Internet Radio

Prove race, party affiliation of GECOM staff affected elections- Surujbally

GECOM Chairman, Dr. Steve Surujbally (right) reacting to concerns by PPP General Secretary Clement Rohee about the racial composition and political persuasion of a number of the Commission’s staff. Seated at left is GECOM’s Chief Elections Officer, Keith Lowenfield.

Chairman of the Guyana Elections Commission (GECOM, Dr. Steve Surujbally Thursday dismissed concerns by the opposition People’s Progressive Party Civic (PPPC) about the previous political party involvement of some of elections staff in the electoral process and their ethnicity.

Surujbally admitted that there may be cause for some concern that a number of GECOM polling day staff might have been previously polling agents for a political party, but at the same time he stressed that he was relying on eligibility criteria.

The Commission Chairman appeared extremely concerned and angered at the fact that the PPPC had questioned why GECOM has been employing mostly Guyanese of African descent. “We have a procedure, we have a process. We do not employ Afro-Guyanese and we do not employ Indo-Guyanese. We employ Guyanese,” he said.

Highlighting that all meetings in GECOM’s Board room are audio recorded, Surujbally said PPP General Secretary, Clement Rohee insisted that he wanted to know the ethnic make-up of the more than 12,000 persons who had been employed by GECOM for the May 11, 2015 general and regional elections. “Ladies and gentlemen, this is what is on a tape,” he said. Surujbally said the real test was whether any of the employees had done something badly that would have impacted on the outcome of an election.

Historically, Afro-Guyanese support the People’s National Congress Reform (PNCR) , which is the largest partner in the governing coalition, while Guyanese of East Indian descent back the PPPC.

While in and out of office, the PPPC had been also concerned about the ethnic imbalance of the security forces, but despite best efforts comparatively few East Indians have been enlisting because of perceptions about discrimination, diet, religion and deployment away from their homes and communities.

Surujbally explained that the GECOM’s employment procedures are that positions are advertised, applications are considered, personnel trained and they are employed based on marks awarded at the evaluation.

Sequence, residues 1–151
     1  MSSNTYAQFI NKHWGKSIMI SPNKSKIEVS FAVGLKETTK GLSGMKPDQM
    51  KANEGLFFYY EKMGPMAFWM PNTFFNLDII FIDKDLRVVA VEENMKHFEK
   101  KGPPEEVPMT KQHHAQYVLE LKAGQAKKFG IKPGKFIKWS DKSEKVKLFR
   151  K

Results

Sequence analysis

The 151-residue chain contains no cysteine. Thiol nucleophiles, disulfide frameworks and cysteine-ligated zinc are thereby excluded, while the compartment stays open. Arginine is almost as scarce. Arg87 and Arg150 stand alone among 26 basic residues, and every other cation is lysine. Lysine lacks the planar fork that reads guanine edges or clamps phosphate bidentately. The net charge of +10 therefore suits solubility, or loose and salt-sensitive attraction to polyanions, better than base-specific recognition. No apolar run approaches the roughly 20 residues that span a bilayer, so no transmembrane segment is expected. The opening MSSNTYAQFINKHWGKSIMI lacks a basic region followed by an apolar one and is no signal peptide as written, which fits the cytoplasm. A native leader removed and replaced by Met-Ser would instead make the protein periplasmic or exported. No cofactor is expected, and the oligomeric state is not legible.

He recalled that GECOM was given a list of 50 names of persons from among more than 12,000 persons who had been employed by GECOM for the May 2015 elections but had been previously employed as party polling agents in 2011. Surujbally admitted that “that disturbs me in some way” and “worthy of concern” which should have been brought to the commission’s attention before the elections. “I need those not after the elections. I need that before the elections so we have it out…,” he said.

The GECOM Chairman said he was provided no evidence showing that the 50 persons had performed duties in an improper manner that was detriment to the electoral process. “Nothing tells me on those fifty people or fifty-plus people where they erred, where they were miscreants, where they were vagabonds, where they did things that were inimical to the interest of a party- that is not part of the comment,” he said.

He said that despite their political preferences, they were still have a right to a job having passed their examinations and executed their duties properly. The GECOM Chairman said he would not be party to any process that decides on employment based on party preference or ethnicity.

The PPP has filed an elections petition challenging the results of the general and regional elections held this year that saw it losing its 23-year long grip on power by one seat in the 65-seat National Assembly.